Kid sitting at dining table looking bored

What to do when your kids say ‘I’m bored’

It’s a rite of passage for every parent to come to dread the words, "I'm bored". Kids communicating that the fabulous toys/games they have are no longer going to keep them entertained, us mustering a small rant about how lucky they are to have toys/games at all.

 

When my babies were tiny I longed to hear them speak, imagining their first sweetly-spoken words would fill me with warmth and wonder...little did I know what was to come. Fast forward to both ‘babies’ now Primary-school age their words come at me at all times of the day and night  - skilled wordsmiths covering all manner of topics.

Both children have gone through memorable periods of verbal diarrhea, one used to say ‘what happened?’ after every small event or situation that happened whether we were inside or outside the home, The other stayed classic with a ‘why?’ after any explanation. We could usually handle six to seven ‘why?’ queries before resorting to a ‘because I say so’ through gritted teeth.

But the two words that provoke a reaction from me now are without a doubt ‘I’m bored’. There’s something about them that goads me in a particular way. I can’t help myself and get on a rant about the number of toys they have or the books that sit unopened on their shelves. When I switch gear to ‘turbo-annoyed’ level, my speech quickens and no doubt my face gets a bit red as I rattle off all the things they could do instead of feeling so bored.

Example rant list:

  • Draw me a picture
  • Get the Play-doh out
  • Read a book
  • Go out into the garden and look for insects
  • Grab a board game
  • Write a story
  • Bake a cake

They stare and shake their heads, their cute noses turning up in disgust. My next tactic is usually to bring out the metaphorical violins and explain how mummy would love to feel bored but just doesn’t have the time because of all the chores that need to be done. In fact, mummy can’t remember being bored because when she was growing up she played outside and she wasn’t lucky enough to have the luxury of 147 channels or an iPad to amuse her.

These outbursts never actually make anything better, the opposite, in fact, everyone just feels sad and uninspired. I think it has something to do with the guilt parents have about leading such busy lives. So many households are scheduled up to the eyeballs with events and activities that it shouldn’t leave any time for being bored.  

Multiple studies by leading child-Psychologists [i] reveal that when children say ‘I’m bored’ they actually mean ‘I’m not engaged’ or simply ‘I want you to pay me attention’.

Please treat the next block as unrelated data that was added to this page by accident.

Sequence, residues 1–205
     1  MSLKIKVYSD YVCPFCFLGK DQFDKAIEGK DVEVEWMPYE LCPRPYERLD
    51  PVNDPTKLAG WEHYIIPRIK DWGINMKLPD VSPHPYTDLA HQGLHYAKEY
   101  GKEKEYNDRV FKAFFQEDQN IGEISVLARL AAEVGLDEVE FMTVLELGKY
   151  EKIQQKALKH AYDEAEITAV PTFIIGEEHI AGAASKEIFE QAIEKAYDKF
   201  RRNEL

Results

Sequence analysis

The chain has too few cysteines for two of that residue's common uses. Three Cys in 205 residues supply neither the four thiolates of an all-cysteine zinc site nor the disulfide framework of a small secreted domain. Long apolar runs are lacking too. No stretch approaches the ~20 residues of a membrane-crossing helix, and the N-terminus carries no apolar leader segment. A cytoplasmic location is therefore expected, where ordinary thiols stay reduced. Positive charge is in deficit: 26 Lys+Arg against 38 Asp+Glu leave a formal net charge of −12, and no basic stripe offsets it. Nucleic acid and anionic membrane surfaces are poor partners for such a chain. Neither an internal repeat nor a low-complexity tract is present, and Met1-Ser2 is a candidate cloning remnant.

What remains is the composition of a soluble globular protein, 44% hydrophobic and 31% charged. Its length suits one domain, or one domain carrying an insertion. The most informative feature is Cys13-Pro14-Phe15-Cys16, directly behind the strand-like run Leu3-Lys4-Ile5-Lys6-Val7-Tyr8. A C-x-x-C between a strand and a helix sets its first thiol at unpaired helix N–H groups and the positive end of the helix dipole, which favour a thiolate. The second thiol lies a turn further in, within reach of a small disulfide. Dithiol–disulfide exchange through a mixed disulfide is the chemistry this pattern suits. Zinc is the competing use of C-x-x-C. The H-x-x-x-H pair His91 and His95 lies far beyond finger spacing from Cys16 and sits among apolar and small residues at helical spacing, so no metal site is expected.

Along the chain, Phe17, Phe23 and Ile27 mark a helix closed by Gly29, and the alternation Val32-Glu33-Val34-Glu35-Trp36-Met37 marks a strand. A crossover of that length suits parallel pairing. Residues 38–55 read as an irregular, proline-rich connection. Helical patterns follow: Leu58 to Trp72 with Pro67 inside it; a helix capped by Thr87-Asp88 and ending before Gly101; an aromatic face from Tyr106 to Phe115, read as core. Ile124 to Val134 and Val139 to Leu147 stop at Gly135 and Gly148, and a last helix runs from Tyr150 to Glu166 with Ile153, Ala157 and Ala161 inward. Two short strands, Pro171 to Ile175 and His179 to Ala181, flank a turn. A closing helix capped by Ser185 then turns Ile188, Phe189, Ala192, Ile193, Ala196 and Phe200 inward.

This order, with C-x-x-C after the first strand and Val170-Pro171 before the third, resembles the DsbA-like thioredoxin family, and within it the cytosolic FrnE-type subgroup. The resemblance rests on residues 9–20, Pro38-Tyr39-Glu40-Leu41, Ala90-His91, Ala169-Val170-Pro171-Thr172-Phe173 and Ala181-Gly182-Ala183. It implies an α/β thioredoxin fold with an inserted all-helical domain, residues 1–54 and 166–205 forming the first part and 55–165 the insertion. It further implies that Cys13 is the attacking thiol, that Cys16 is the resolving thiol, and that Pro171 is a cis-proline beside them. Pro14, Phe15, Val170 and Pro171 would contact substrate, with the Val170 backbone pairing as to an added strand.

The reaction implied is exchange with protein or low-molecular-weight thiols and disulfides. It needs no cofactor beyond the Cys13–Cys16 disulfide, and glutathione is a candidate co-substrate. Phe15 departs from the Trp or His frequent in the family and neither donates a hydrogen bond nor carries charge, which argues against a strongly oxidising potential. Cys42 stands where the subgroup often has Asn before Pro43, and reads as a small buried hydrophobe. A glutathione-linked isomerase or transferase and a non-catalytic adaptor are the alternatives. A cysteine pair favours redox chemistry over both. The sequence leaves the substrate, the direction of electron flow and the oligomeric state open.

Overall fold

All-day my children experience a very structured timetable at school, then also at after school activities, they then return home and it’s a race to get them fed, washed and into bed. The weekend rolls around and they are chauffeured to various social engagements and sporting events so when they do have downtime it makes perfect sense that they actually want to hang out with us, their parents.

This discovery has helped how I react to those two words now. I stop, take a breath and suggest a cuddle, a game of cards or just sitting and eating a snack together and most of the time it works. There are occasions when it doesn’t, I mean come on, sometimes we just don’t have time to down tools and snuggle with them and that’s ok too.

Professionals suggest the line ‘It’s ok, you’ll figure something out’** because even though it can frustrate them at first a little magic happens when they have no choice but to stumble on an activity that interests them. It’s actually an important lesson in self-motivation, as the uncomfortable feelings that boredom brings can provide it. Having the solve the problem of their own boredom also bolsters their creativity and helps them develop an appreciation for simple pleasures.

My daughter was quiet for an hour the other day and when I hesitantly went to investigate she had repainted an old wooden jewellery box and customised it with stickers. I was mildly freaked out by the mess, but for the most part so thrilled that she’d busted her own boredom.

We’ll get there and so will you, slowly and with lots of cuddles, along with plenty of huffing and puffing for good measure.

 

This article was brought to you by Kidspot, encouraging you and your little one to find time for downtime. Click here to find out more.

[i]Richard Rende Ph.D (2016) ‘What to say when your kid says ‘I’m bored’. Published in Psychology Today here in paragraph six of the article that states:

‘That's not going to solve the problem, because what your kid is really saying is "I'm not engaged." And the reason is that kids just don't get enough free time anymore to know what to do with it when they actually have it. Plus, the message our over-scheduled and over-structured world is sending them is "downtime," that time when you don't know what to do with yourself, is a bad thing. It's wasted time that could be spent doing something productive.’

https://www.psychologytoday.com/au/blog/inside-parenting/201601/what-say-when-your-kid-says-im-bored

[i]Mandie Shean / Edith Cowan University (2020) ‘Why boredom is good for your kids’ Published on ‘InQueensland’ here at the end of the article in bullet point 4:

‘Boredom is a signal that indicates change is needed. Help them generate ideas and then pick one to engage in. Let them be responsible for the choice.’

https://inqld.com.au/insights/2020/04/27/no-need-to-entertain-your-kids-boredom-is-good-for-them/

A further supporting study can be viewed here that has been medically reviewed by Timothy J. Legg, PhD, PMHNP-BC

https://www.healthline.com/health/boredom

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